Leukocyte Telomere Length and All-Cause, Cardiovascular Disease, and Cancer Mortality: Results From Individual-Participant-Data Meta-Analysis of 2 Large Prospective Cohort Studies

Ute Mons, Aysel Müezzinler, Ben Schöttker, Aida Karina Dieffenbach, Katja Butterbach, Matthias Schick, Anne Peasey, Immaculata De Vivo, Antonia Trichopoulou, Paolo Boffetta, Hermann Brenner
American Journal of Epidemiology 2017 June 15, 185 (12): 1317-1326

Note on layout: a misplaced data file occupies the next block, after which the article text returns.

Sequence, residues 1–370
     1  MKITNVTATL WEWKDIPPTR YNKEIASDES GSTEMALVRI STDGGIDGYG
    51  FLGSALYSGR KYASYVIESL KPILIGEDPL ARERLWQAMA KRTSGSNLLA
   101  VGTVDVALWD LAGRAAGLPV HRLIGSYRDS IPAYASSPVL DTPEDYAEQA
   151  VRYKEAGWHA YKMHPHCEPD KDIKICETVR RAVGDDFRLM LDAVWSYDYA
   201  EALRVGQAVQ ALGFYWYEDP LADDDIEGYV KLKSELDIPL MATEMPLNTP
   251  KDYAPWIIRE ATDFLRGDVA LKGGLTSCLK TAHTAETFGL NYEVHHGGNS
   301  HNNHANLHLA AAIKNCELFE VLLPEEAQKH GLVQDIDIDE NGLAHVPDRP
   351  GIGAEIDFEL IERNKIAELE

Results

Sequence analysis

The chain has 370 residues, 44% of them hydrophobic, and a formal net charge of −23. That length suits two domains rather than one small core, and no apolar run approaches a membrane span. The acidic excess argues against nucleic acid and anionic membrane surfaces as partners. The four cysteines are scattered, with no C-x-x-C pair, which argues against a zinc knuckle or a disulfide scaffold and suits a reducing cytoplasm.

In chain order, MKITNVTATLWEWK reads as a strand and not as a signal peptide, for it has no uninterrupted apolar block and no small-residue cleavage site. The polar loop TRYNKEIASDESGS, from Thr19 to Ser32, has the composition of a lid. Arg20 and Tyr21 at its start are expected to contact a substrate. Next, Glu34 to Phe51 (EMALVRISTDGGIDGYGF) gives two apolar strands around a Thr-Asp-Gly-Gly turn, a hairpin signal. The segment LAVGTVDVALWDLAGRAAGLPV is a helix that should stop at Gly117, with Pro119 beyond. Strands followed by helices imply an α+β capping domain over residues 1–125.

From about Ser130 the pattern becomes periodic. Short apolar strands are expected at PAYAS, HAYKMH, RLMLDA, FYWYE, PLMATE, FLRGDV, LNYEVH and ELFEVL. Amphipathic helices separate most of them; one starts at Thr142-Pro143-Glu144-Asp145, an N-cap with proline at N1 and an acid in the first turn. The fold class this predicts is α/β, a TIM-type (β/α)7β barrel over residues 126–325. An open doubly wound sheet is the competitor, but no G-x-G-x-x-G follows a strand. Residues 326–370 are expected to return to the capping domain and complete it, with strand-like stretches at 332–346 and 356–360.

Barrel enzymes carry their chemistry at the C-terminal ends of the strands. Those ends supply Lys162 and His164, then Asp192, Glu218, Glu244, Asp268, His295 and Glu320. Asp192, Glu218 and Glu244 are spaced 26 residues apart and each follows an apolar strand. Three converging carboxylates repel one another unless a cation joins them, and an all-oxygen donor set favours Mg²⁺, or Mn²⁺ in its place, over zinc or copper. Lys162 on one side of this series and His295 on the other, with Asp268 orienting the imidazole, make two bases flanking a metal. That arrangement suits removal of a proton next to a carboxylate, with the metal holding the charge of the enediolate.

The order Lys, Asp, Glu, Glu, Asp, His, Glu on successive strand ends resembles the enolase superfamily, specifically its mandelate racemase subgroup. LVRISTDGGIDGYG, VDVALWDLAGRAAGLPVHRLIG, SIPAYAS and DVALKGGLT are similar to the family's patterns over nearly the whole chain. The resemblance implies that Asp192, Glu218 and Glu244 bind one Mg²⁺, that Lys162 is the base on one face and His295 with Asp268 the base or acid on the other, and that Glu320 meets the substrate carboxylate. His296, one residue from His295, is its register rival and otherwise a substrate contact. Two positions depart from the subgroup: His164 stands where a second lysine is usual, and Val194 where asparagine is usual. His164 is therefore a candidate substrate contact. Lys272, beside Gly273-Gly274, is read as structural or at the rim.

We studied the associations of leukocyte telomere length (LTL) with all-cause, cardiovascular disease, and cancer mortality in 12,199 adults participating in 2 population-based prospective cohort studies from Europe (ESTHER) and the United States (Nurses' Health Study). Blood samples were collected in 1989-1990 (Nurses' Health Study) and 2000-2002 (ESTHER). LTL was measured by quantitative polymerase chain reaction. We calculated z scores for LTL to standardize LTL measurements across the cohorts. Cox proportional hazards regression models were used to calculate relative mortality according to continuous levels and quintiles of LTL z scores. The hazard ratios obtained from each cohort were subsequently pooled by meta-analysis. Overall, 2,882 deaths were recorded during follow-up (Nurses' Health Study, 1989-2010; ESTHER, 2000-2015). LTL was inversely associated with age in both cohorts. After adjustment for age, a significant inverse trend of LTL with all-cause mortality was observed in both cohorts. In random-effects meta-analysis, age-adjusted hazard ratios for the shortest LTL quintile compared with the longest were 1.23 (95% confidence interval (CI): 1.04, 1.46) for all-cause mortality, 1.29 (95% CI: 0.83, 2.00) for cardiovascular mortality, and 1.10 (95% CI: 0.88, 1.37) for cancer mortality. In this study population with an age range of 43-75 years, we corroborated previous evidence suggesting that LTL predicts all-cause mortality beyond its association with age.

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